The Tim Duncan Spurs were a dynasty

Spurs: Neither loved nor hated?

Munich - No question about it, when it comes to the San Antonio Spurs, opinions are divided in the NBA community. Coach Gregg Popovich's team has won the title three times in the past five years, four times since 1999. Quite a dynasty.

Totally deserved. Tim Duncan, Tony Parker and Co. show team basketball to perfection. For this they are also respected from all sides. Admiration does not arise due to the unspectacular way of playing.

Nevertheless, this time too, before the start of the new season (Thursday, from 1 a.m. live at Premiere: Cleveland - Dallas), San Antonio is going to be the top favorite in the race. At least that's what the ratio tells you.

But the question remains: what do you have to think of the Spurs now? In the US, they are barely noticed outside of San Antonio. Definitely not loved, but not really hated either. What now?

Even within theSPOX-Editorial is hotly debated, as the blog duel at the NBA prelude proves.

 

Oliver Wittenburg: When it was said: "Who writes something nice about the Spurs? Volunteers!" I slept instead of taking a step back like everyone else - for example my colleague Regelmann. It's too late now. So, so be it. If you want to explain what the fascination of the Spurs lies in, the simple procedure is ...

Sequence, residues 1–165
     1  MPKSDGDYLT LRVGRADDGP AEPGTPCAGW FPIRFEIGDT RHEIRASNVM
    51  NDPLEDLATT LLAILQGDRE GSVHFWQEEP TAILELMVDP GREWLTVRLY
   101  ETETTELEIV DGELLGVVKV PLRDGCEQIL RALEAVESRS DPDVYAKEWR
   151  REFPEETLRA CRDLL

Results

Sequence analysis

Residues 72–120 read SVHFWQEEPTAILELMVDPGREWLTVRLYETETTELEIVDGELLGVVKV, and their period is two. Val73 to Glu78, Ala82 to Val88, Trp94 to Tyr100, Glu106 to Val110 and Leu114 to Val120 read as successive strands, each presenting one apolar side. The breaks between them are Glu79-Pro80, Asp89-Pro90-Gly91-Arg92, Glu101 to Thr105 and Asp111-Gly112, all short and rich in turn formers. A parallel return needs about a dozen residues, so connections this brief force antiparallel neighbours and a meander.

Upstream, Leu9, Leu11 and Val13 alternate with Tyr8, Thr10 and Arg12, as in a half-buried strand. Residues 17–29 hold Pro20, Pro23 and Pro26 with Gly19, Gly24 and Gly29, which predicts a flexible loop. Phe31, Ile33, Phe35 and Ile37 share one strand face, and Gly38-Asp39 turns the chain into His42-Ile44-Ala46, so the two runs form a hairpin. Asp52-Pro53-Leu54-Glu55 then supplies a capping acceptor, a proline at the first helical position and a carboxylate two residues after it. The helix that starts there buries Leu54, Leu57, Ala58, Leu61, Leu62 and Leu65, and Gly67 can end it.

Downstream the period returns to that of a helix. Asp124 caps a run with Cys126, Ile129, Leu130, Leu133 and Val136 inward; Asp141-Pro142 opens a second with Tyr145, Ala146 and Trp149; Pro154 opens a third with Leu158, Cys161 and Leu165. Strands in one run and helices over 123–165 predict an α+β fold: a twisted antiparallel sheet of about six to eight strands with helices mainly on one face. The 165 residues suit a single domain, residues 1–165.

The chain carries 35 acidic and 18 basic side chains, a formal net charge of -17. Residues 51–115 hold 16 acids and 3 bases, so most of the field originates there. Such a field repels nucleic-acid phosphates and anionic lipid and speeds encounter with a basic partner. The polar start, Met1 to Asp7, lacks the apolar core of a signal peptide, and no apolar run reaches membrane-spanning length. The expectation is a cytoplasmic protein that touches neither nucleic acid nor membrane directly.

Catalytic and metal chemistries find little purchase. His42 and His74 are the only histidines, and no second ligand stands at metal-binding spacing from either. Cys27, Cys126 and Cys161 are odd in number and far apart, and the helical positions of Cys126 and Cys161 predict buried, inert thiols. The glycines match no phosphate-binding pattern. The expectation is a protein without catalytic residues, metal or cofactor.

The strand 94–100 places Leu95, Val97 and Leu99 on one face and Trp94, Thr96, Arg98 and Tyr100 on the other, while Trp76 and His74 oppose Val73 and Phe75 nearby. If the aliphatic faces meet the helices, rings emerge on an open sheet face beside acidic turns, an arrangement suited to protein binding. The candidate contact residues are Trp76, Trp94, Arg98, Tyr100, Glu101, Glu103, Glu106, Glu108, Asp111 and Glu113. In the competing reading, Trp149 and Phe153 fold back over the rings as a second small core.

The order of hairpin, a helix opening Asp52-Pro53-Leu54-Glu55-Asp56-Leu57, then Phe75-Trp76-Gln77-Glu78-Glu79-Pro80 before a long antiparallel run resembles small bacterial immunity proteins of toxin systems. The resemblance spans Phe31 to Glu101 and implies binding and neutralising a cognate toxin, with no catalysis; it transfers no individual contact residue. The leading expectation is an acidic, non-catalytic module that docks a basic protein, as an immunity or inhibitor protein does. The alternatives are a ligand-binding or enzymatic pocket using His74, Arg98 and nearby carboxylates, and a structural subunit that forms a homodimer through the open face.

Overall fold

Florian Regelmann: The Spurs simply can't win the title this year. They are not allowed to. The NBA doesn't need a Spurs dynasty, it needs glamor again! Mavs, Suns, Celtics, knock the Spurs off! Oh god, I'll mention the Celtics in that context! That would mean that the Spurs would be in the finals again.

 

 

 

The expected starting formations:

 

Portland: LaMarcus Aldridge (Center), Channing Frye (Power Forward), Travis Outlaw (Small Forward), Brandon Roy (Shooting Guard), Jarrett Jack (Point Guard)

 

San Antonio: Fabricio Oberto (Center), Tim Duncan (Power Forward), Bruce Bowen (Small Forward), Manu Ginobili (Shooting Guard), Tony Parker (Point Guard)